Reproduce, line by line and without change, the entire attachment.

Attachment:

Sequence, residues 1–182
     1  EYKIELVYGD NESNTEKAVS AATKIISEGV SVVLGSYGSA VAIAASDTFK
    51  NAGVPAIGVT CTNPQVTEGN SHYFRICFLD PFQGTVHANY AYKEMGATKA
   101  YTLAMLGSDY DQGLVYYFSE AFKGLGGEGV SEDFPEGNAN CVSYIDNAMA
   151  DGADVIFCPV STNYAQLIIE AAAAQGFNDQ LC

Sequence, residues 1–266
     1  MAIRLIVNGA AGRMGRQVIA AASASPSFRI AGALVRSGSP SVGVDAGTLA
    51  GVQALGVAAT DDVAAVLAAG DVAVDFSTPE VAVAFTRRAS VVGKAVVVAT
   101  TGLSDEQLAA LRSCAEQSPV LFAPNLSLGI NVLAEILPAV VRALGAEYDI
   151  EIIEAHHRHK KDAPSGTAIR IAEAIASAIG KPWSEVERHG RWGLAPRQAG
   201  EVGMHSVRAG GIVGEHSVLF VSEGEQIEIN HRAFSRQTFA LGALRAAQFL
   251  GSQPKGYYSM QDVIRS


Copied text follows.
Sequence, residues 1–182
     1  EYKIELVYGD NESNTEKAVS AATKIISEGV SVVLGSYGSA VAIAASDTFK
    51  NAGVPAIGVT CTNPQVTEGN SHYFRICFLD PFQGTVHANY AYKEMGATKA
   101  YTLAMLGSDY DQGLVYYFSE AFKGLGGEGV SEDFPEGNAN CVSYIDNAMA
   151  DGADVIFCPV STNYAQLIIE AAAAQGFNDQ LC

Sequence, residues 1–266
     1  MAIRLIVNGA AGRMGRQVIA AASASPSFRI AGALVRSGSP SVGVDAGTLA
    51  GVQALGVAAT DDVAAVLAAG DVAVDFSTPE VAVAFTRRAS VVGKAVVVAT
   101  TGLSDEQLAA LRSCAEQSPV LFAPNLSLGI NVLAEILPAV VRALGAEYDI
   151  EIIEAHHRHK KDAPSGTAIR IAEAIASAIG KPWSEVERHG RWGLAPRQAG
   201  EVGMHSVRAG GIVGEHSVLF VSEGEQIEIN HRAFSRQTFA LGALRAAQFL
   251  GSQPKGYYSM QDVIRS